This concept centers around the need to relieve human suffering by restoring people’s autonomy so they can make decisions about their own determination and to reveal injustices such as war crimes, AIDS – all part of the Dr. Orbinski’s theme that personal and political responsibility must encompass these factors in order to address the pressing environmental and health effects of urbanization.

In citing the massive urban growth and population pressure facing the world’s cities, Dr. Orbinski contrasted the developed world’s definition of a "super-city" – large centres of over 5 million people that are rational and organized (as the connotation suggests) to the realities of the developing world’s "peri-urban settlements" where formal and effective systems of good governance and infrastructure are not established.

He elaborated on the dramatic urban health crises in areas where there are a significant population concentration and to marginalized people in society who become more susceptible to illness because of their living conditions.

"Cholera, dysentery, hepatitis are a common part of people’s daily lives in slums without health service," says Dr. Orbinski. "There is an absence and access to clean, safe drinking water and sanitation services."

He cited the fact that one in three deaths are caused by infectious diseases in these "peri-urban" environments that are not limited to the developing world.

These illnesses are a result of environmental factors and human action states Dr. Orbinski, as he correlated the overload of geo-biological pollutants to patterns of respiratory illnesses and to patterns of physical and biological change such as rapid temperature increases. He linked the effects of climate change to conditions such as warm winters and spring drought that amplify disease and make urban populations more susceptible to outbreaks like the West Nile Virus.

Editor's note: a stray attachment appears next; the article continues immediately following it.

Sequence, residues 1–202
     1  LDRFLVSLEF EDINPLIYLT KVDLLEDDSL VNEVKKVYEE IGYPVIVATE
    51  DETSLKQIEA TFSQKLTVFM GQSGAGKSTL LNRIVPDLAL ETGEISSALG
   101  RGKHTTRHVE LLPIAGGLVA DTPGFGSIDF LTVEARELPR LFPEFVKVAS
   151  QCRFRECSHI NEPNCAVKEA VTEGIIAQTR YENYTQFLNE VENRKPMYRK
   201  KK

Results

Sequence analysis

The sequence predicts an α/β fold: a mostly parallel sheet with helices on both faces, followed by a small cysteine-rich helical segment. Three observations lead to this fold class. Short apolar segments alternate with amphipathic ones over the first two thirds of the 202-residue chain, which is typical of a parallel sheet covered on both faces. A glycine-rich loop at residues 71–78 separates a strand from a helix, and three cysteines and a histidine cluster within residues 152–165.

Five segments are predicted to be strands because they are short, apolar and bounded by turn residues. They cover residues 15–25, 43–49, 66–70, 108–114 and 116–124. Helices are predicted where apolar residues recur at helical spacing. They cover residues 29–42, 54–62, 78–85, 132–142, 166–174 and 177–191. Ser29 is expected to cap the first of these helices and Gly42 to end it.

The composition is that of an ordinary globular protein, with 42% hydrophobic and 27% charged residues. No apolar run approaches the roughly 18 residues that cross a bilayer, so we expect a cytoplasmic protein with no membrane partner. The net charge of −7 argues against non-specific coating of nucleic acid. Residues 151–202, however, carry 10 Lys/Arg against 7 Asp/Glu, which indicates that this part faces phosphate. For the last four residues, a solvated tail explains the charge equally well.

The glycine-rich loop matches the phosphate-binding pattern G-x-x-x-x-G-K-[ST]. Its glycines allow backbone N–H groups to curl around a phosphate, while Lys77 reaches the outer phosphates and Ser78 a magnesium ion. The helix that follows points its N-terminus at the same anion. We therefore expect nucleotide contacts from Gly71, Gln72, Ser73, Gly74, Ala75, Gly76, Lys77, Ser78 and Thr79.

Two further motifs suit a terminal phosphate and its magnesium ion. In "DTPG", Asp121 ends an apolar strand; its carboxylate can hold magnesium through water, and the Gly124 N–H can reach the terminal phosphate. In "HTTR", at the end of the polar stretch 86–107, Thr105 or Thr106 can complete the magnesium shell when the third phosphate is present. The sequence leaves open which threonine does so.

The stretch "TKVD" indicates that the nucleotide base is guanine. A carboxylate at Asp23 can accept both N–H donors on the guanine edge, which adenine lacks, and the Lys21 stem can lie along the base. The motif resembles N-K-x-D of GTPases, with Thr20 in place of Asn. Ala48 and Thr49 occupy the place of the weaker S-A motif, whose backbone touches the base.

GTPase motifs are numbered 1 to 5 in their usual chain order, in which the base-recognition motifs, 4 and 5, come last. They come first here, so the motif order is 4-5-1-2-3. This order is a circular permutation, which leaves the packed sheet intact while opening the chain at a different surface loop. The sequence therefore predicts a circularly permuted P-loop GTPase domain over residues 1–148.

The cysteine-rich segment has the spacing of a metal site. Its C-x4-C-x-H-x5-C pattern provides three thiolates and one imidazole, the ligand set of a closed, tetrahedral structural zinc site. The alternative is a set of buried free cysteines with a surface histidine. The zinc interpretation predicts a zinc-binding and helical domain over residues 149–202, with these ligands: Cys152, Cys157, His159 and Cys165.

Dr. Orbinski’s challenge to Couchiching delegates was to bring about local and international action by recognizing that each person should take interest in public health practices that serve the developing world and the marginalized people in society. He emphasized the fragility that results from climate change and the need to root public health research and funding in ecological thinking and equity.

"People’s human interests must be at the centre of every project," says Dr. Obinski. "We need to develop a sense of ourselves that reaches to future generations and around the planet so we have a sense of the other being and see them as part of ourselves. This will have profound implication on how we construct local and international polities."

E. Brock Carlton

Mr. Carlton opened his address with an outline of the importance of innovation and setting new goals for creating effective cities in and around the globe. He also outlined the challenge that municipalities are facing as they struggle with their role in development and advocacy and their role in the global community.

In framing his discussion abound the development work (begun in 1987) of the Federation of Canadian Municipalities (FCM), Mr. Carlton was able to provide insight on the development strategies that are being employed to share knowledge at local levels.

The FCM offered a "municipal solutions" strategy by linking municipal workers with technical capacities in Canada to their counterparts in developing nations.

"These two people in spite of differences have a fundamental common bond," says Mr. Carlton.